6. Par 3 – 220/204. We had wind in our face on this hole so our caddies estimated the shot to a back left pin to be playing 225 from our tees. You hit through an opening of taller trees on the left and smaller trees and wetlands/pond on the right that go along the right side of the green. The wetlands is very much in play as two of us found it. The left side has four staggered waste areas but stopping about 35 yards short of the green. The green is angled to the right with a long right side bunker. The green has a definite horizontal ridge about two-thirds through it of about four feet in height creating a difficult putt from the lower section to the upper tier. But if one is on the upper tier they will have a putt that is manageable although my putt from the side at 15 feet curled about a feet towards the lower tier. It is one of the more interesting greens on the course.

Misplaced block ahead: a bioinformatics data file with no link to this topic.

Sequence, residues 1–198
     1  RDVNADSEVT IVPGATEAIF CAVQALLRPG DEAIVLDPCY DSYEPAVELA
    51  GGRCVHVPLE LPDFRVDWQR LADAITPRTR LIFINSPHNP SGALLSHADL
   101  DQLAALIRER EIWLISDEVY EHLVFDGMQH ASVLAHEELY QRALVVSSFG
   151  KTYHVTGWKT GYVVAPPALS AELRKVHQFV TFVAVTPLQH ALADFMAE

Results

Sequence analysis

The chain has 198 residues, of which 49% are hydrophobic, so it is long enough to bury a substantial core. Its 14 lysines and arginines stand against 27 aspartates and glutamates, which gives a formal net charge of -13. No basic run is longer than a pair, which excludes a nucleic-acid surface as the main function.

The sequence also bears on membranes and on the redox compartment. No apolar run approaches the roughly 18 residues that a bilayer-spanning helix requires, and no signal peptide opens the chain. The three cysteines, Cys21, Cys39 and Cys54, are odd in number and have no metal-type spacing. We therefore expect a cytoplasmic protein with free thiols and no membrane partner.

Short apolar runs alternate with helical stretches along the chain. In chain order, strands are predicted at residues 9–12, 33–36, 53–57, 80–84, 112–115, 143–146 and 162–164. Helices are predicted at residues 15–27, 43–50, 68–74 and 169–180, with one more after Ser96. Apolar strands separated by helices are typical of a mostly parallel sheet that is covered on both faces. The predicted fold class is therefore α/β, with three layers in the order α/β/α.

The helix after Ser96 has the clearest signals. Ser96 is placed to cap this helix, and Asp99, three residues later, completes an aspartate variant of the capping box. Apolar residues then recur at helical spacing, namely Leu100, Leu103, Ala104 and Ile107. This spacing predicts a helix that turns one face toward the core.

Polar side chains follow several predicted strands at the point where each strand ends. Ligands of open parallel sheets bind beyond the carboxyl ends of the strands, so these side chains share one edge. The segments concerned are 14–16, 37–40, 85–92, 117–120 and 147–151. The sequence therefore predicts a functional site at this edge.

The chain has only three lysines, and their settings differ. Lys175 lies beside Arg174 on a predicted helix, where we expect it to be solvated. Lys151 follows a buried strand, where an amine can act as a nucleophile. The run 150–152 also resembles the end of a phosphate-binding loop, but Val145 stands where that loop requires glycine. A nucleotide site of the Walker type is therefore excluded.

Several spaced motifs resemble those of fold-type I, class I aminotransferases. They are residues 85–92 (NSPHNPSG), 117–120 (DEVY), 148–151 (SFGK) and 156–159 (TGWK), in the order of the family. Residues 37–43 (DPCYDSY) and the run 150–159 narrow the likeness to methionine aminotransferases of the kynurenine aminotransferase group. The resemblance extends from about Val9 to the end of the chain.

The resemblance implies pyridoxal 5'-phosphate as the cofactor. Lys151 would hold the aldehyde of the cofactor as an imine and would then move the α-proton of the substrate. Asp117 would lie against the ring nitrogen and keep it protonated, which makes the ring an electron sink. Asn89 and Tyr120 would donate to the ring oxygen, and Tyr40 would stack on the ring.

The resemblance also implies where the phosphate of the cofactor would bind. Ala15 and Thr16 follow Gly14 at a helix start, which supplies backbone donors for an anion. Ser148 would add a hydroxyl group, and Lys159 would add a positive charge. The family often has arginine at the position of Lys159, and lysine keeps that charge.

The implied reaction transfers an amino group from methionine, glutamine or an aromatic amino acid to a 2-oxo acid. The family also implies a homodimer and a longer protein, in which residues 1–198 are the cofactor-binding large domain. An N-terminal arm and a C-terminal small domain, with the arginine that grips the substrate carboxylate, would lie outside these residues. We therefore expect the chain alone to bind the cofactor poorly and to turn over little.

7. Par 4 – 367/341. This is my favorite holes on the course as you walk over the entry round to the tee. The hole plays over a pond requiring a tee shot of about 190 yards to clear the water. There are scattered trees down the right side. The hole is a dogleg left with two bunkers placed slightly inside the fairway on the inner corner, the first one long and the second one tiny. The green is wide but thin and very well defended with two center bunkers beginning about twenty yards short of the green and then two large bunkers placed on the back corners to serve as protection for balls going long because another pond is right behind the green. It takes a precise shot to hold the green given its thinness. I liked the hole because it demanded two good shots to both find the fairway and hold the green. It’s not often a short par 4 such as this has a #3 index.